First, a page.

Book Review

The Power of Now: A Guide to Spiritual Enlightenment by Eckhart Tolle, New World Library, Novato, CA, 1999; 193 pages, ISBN 1577311523, hardcover, $22.95.

This practical guide provides understanding and techniques to help people live increasingly in the "Now." It points out forcefully that we are not our ever-changing thoughts and feelings, although we generally identify ourselves with them. The full extent of our consciousness is much deeper, but in order to experience these further reaches of our being, we must be able to control our mind and stop our habitual thinking when we wish to and have no need for it. The ego or limited sense of self forms itself largely of thoughts, feelings, and judgments about a conjectural past and future, and avoids the present moment when all life is experienced. In fact, there is nothing other than the present, though we often fill it with expectations, worries, imaginings, and feelings about things that are not presently going on. The author holds that our "problems" are illusions created by this egoic, time-bound mind:

Focus your attention on the Now and tell me what problem you have at this moment.
I am not getting any answer because it is impossible to have a problem when your attention is fully in the Now. A situation that needs to be either dealt with or accepted -- yes. Why make it into a problem? . . . "Problem" means that you are dwellling on a situation mentally without there being a true intention or possibility of taking action now and that you are unconsciously making it part of your sense of self. You become so overwhelmed by your life situation that you lose your sense of life, of Being. Or you are carrying in your mind the insane burden of a hundred things that you will or may have to do in the future instead of focusing your attention on the one thing that you can do now. -- pp. 53-4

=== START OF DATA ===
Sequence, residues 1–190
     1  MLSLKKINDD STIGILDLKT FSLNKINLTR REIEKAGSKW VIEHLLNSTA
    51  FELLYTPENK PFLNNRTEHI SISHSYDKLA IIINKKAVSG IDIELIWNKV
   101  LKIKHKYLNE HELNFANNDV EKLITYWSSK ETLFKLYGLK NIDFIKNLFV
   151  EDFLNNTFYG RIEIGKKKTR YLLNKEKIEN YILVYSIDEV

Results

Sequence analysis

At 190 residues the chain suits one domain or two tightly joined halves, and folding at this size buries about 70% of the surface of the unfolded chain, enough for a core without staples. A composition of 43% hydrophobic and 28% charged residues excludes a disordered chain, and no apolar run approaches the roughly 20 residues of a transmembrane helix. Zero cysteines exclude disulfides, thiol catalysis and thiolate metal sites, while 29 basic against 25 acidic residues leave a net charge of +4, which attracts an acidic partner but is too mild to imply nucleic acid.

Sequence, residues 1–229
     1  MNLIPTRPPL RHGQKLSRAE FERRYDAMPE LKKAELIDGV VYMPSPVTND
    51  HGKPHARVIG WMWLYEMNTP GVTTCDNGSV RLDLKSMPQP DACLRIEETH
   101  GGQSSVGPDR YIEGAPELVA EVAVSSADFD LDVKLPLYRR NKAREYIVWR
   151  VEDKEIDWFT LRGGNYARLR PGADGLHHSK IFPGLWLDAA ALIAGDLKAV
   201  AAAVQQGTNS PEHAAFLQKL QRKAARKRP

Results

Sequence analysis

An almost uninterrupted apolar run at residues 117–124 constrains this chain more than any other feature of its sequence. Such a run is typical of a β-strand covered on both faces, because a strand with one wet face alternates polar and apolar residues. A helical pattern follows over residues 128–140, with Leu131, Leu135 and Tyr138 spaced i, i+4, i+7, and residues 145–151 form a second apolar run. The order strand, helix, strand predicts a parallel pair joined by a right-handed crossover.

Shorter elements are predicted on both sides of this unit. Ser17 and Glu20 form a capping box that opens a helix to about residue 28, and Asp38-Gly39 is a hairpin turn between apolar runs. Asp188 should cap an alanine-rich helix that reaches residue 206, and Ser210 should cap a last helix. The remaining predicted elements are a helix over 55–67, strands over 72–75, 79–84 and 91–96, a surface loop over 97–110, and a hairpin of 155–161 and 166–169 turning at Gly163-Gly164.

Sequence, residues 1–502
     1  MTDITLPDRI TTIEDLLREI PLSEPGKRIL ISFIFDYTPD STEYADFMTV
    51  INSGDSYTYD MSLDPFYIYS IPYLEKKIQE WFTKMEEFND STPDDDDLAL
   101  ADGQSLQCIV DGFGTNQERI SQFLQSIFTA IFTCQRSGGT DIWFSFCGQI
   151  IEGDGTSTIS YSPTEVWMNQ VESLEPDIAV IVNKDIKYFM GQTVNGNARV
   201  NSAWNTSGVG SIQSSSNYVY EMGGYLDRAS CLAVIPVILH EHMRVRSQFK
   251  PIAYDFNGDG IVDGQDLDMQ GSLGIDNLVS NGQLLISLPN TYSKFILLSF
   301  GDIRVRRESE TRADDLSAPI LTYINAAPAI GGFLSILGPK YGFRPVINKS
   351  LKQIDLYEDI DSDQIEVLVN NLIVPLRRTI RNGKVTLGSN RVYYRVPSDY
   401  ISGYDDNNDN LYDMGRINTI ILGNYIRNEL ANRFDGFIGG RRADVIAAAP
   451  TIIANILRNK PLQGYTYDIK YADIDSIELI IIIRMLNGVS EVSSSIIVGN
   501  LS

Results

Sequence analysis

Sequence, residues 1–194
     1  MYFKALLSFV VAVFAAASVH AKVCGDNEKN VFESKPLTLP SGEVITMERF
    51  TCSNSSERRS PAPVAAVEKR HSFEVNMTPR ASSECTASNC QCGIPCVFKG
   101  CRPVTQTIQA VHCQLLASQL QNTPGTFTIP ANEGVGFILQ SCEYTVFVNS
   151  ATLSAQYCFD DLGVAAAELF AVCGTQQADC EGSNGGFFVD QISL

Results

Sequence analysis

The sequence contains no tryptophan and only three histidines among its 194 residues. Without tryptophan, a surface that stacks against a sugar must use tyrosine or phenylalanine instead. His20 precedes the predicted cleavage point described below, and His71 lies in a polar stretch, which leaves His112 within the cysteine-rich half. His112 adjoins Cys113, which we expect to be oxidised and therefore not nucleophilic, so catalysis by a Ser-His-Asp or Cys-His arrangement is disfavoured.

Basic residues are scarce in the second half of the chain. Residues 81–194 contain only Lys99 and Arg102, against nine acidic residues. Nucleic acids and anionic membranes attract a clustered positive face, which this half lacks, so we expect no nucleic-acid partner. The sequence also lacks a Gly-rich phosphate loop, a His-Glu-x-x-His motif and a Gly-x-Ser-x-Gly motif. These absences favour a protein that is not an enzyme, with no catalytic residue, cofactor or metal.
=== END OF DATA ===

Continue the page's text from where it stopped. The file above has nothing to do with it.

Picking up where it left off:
When we are able to stay in the here and now, we spontaneously come in touch with our true self or wider consciousness, a process which is very threatening to the false self or ego. In addressing the comment that the "present moment is sometimes unacceptable, unpleasant, or awful," the author responds:

It is as it is. Observe how the mind labels it and how this labeling process, this continuous sitting in judgment, creates pain and unhappiness. By watching the mechanics of the mind, you step out of its resistance patterns, and you can then allow the present moment to be. This will give you a taste of the state of inner freedom from external conditions, the state of true inner peace. Then see what happens, and take action if necessary or possible.
Accept -- then act. Whatever the present moment contains, accept it as if you had chosen it. Always work with it, not against it. Make it your friend and ally, not your enemy. This will miraculously transform your whole life. -- p. 29

Not written from any theological standpoint, though occasionally using examples from the world's religions, the book seeks to restate the "one timeless spiritual teaching, the essence of all religions" (p. 6). Based on the author's experience and the comments and questions of his students, it is a personal and fresh restatement, and readers may find helpful ideas and approaches to consider or apply. -- Sarah Belle Dougherty

(From Sunrise magazine, October/November 2003; copyright © 2003 Theosophical University Press)

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